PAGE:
As the political consultations continued, the government showed signs of concern at the deteriorating state of the economy. Red and black posters appeared throughout Warsaw exhorting the people to show their support for the military government with hard work. They said: "Help the forces of law and order combat anarchy and lawlessness. Stamp out speculators. The quickest road to normalization is strict martial law. Don't permit anyone to disorganize the market for their own enrichment. Support the military council through your hard work."
Remnants of Solidarity are giving different advice. A bulletin issued by a rump Solidarity group in Warsaw and dated Dec. 28 outlined several ways in which union members could resist what it described as "a Stalinist version of total terror such as our generation has not previously experienced."
The suggestions included:
* In organizing strikes, do not elect leaders in order to protect them from later police action.
* In contacts with the police or Army, you are "not informed, naive, haven't heard anything."
* Work slowly, complain about the mess and the inefficiency of your superiors. Flood the Army and commissars with questions and pretend to be a half-wit.
* Follow meticulously the most ridiculous instructions.
* Take as much sick leave as possible.
* Help families of those arrested.
* Paint slogans and put up posters.
It ended with one paramount rule for organizing: "I only know what I need to know."
A leaflet circulated in the name of Rural Solidarity, the private farmers' union that had not been heard from since martial law began, said that "at least passive resistance against the enemy is still possible." It compared the Polish military to wartime Nazi occupiers and added, "The rebirth of our nation is like a river that may be blocked for a while but cannot be stopped."
In an apparent indication that the authorities are trying to stem the flow of such leaflets, a ban on the sale of paper has been instituted, according to a Solidarity publication.
A ban under martial law on private possession of duplicating machines and harsh penalties for producing or distributing antigovernment leaflets have reduced sharply the circulation of such underground materials.
One Solidarity leaflet emphasized the mass defections from the Communist Party by describing an incident that allegedly occurred in the city of Bydgoszcz. It said a funeral march deposited a coffin in front of the local party headquarters. Army engineers were called in to check the contents, fearing explosives. But there was no bomb. Instead, the coffin was filled with party membership cards. But even the Solidarity leaflet described the incident as a rumor.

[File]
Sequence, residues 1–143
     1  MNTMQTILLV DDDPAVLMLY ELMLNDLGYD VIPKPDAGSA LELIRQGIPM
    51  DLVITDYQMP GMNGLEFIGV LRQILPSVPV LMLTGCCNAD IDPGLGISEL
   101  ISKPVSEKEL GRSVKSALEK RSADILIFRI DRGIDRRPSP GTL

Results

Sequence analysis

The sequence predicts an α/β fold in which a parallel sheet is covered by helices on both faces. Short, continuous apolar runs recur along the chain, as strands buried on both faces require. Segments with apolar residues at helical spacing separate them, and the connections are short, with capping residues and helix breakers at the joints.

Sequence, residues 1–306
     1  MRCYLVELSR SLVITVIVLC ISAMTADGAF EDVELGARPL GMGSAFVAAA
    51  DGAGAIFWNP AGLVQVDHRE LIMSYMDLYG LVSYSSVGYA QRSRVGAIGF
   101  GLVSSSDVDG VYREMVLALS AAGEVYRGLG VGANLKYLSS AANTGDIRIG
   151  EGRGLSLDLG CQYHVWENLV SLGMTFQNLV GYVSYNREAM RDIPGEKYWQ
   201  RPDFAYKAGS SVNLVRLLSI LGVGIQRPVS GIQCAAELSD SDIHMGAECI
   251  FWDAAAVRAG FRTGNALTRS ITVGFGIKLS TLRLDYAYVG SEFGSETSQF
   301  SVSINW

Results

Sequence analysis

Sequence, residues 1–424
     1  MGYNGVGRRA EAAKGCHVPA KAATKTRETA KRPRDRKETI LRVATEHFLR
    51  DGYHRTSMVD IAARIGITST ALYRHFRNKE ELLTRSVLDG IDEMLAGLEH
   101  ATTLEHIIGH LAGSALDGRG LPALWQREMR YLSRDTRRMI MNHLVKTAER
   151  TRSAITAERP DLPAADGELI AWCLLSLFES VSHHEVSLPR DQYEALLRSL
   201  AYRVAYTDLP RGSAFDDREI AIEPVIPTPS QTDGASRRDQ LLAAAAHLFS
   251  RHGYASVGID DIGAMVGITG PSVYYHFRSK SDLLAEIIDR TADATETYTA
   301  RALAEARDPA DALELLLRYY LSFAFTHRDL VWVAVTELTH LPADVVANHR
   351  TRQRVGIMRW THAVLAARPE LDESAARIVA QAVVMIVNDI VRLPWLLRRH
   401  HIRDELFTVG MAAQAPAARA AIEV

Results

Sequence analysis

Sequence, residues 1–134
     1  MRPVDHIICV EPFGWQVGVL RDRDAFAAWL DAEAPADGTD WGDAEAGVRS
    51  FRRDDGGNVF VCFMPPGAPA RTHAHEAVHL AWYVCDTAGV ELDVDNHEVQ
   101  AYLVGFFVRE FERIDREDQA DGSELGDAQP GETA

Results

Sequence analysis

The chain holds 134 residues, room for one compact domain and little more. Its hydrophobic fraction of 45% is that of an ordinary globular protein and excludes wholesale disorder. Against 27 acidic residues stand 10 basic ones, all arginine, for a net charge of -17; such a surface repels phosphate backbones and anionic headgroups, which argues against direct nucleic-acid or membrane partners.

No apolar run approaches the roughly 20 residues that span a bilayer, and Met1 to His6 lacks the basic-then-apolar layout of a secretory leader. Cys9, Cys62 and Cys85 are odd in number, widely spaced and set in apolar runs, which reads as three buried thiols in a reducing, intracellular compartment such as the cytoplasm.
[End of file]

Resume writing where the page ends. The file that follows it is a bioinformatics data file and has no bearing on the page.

The following is based on reports in the Polish news media:
Polish authorities continued efforts yesterday to reassure the population that conditions under martial rule are returning to normal, announcing a one-day lifting of the nationwide curfew for New Year's Eve and broadcasting several reports of improved industrial production.
Radio Warsaw said nationwide coal production yesterday reached 595,400 tons, the highest one-day total since martial law was imposed Dec. 13.
The Polish media reported, however, that stocks of potatoes, beef and pork were still low and reaffirmed that meat rations for most Poles will be cut from 6.6 pounds to 5.5 pounds in January and that a program of procurement from collective farms would continue.
Radio Warsaw reported yesterday that the ruling Military Council for National Salvation canceled nationwide elections set for February for low-level people's councils, saying the vote would be postponed until they could be held "in an atmosphere of social peace."
Another Radio Warsaw report yesterday said the 21-member military council will ask the national assembly to set up a state tribunal "to define the responsibility of those guilty of causing the deep crisis in the '70s." The broadcast appeared to be referring to former Communist Party leader Edward Gierek, who along with about two dozen other officials accused of mismanagement in the 1970s, was taken into custody shortly after the military crackdown.
The announcement that the curfew would be lifted New Year's Eve came in a Warsaw television report that cited Poland's "continually improving social discipline, as shown in the ever more rigid observance of the martial-law regulations." It said the curfew would be lifted so that Poles could observe the traditional gatherings of the holiday.